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Jeffrey D. Bower, George J. Andersen; Perceptual learning increases motion discrimination of low contrast Gabors in older observers. Journal of Vision 2010;10(7):1138. doi: https://doi.org/10.1167/10.7.1138.
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© ARVO (1962-2015); The Authors (2016-present)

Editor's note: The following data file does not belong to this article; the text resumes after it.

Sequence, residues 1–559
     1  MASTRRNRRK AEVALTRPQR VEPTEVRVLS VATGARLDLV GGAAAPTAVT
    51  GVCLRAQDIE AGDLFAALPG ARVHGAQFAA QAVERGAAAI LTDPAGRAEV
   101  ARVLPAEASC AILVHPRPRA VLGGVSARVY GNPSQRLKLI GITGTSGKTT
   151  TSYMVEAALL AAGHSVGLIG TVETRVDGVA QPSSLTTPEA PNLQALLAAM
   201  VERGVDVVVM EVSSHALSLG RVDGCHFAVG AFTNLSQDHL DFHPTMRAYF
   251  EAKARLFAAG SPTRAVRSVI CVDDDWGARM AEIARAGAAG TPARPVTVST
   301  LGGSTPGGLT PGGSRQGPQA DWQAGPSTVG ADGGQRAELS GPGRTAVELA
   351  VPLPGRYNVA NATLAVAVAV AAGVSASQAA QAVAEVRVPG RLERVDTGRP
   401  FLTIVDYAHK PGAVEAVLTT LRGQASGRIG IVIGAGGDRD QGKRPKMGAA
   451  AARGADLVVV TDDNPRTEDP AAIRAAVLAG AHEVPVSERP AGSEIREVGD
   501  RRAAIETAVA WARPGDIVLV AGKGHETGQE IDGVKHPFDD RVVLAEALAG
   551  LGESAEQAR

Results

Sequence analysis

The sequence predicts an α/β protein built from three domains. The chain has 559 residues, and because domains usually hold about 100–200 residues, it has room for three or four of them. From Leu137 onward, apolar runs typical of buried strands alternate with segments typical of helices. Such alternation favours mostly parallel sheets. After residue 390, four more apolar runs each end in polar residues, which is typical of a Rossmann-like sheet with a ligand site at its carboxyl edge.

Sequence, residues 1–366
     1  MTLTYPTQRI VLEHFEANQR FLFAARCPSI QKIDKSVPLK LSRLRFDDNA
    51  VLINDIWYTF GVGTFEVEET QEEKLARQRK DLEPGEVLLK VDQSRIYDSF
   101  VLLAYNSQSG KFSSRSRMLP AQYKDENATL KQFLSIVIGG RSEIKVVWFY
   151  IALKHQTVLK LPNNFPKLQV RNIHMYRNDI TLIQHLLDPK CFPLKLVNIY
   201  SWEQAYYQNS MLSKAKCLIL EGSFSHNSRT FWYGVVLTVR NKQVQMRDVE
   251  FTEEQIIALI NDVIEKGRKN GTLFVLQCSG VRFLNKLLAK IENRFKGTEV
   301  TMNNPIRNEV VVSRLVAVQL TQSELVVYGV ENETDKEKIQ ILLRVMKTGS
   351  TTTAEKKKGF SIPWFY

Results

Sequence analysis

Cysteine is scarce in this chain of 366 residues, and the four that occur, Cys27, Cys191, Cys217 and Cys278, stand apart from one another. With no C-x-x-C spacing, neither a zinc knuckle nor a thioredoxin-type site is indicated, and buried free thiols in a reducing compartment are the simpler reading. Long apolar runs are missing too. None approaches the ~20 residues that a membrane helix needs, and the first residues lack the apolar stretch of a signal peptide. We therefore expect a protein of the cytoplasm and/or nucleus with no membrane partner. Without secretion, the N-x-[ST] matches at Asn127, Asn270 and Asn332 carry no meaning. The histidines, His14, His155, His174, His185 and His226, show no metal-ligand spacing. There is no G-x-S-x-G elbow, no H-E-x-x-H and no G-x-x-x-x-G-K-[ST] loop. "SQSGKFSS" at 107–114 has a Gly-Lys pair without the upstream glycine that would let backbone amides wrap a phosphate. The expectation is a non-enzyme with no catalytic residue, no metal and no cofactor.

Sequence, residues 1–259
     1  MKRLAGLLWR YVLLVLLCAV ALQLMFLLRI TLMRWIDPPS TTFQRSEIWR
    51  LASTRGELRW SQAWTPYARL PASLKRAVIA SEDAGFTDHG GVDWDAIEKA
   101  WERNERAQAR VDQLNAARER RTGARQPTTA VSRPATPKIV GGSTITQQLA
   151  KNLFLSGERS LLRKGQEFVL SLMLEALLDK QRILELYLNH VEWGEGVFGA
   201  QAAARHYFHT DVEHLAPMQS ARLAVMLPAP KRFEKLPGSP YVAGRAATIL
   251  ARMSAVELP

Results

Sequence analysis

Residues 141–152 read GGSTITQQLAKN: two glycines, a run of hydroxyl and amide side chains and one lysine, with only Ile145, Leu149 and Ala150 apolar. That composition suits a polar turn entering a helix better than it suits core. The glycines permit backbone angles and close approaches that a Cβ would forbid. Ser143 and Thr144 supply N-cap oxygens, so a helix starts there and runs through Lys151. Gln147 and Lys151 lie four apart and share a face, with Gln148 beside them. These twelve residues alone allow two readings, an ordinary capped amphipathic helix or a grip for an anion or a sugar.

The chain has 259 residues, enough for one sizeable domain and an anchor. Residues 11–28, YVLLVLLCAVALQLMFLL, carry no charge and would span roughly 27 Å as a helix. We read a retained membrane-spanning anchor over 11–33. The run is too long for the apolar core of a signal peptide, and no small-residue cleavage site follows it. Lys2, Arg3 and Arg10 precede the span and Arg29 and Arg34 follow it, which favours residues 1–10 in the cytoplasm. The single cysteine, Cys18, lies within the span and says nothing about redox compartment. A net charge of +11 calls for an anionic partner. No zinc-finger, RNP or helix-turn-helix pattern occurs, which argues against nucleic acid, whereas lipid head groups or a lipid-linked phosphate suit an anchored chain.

This study compared the effect of training on the perception of motion in low contrast Gabor patches between older and younger observers. The stimuli were centrally presented Gaussian filtered sine-wave gratings (Gabors). The Gabors were either 5 or .7 degree diameter ( 2σ of the Gaussian filter) and had a contrast of .92, .22, or .028. The task was to judge whether the motion direction of the Gabor patch was to the left or to the right. The experiment took place over 5 days. On each day the observer participated in 6 blocks; one for each contrast/size pair. For each block, a duration thresholds estimating 77.5% correct was derived by averaging the results of randomly interleaved 2/1 and 4/1 staircases. The presentation times ranged from 500 (60 frames) to 16.6 (2 frames) milliseconds. Each block ended after 150 trials. Each participant observed a total of 4500 trials over 5 days. The results indicate a reduction in the amount of observation time needed to discriminate the direction of motion of the .028 contrast Gabors after training. The older observer's thresholds for the 5 degree Gabor improved by 66% ( day-1 = 169ms, day-5 = 67ms) and by 41% for the .7 degree Gabor ( day-1 = 479ms, day-5 = 284ms). The younger observer's thresholds for the 5 degree Gabor improved by 16% ( day-1 = 82ms, day-5 = 67ms) and by 67% for the .7 degree Gabor ( day-1 = 342ms, day-5 = 111ms). The importance of these results to understanding visual cortical plasticity and aging will be discussed.
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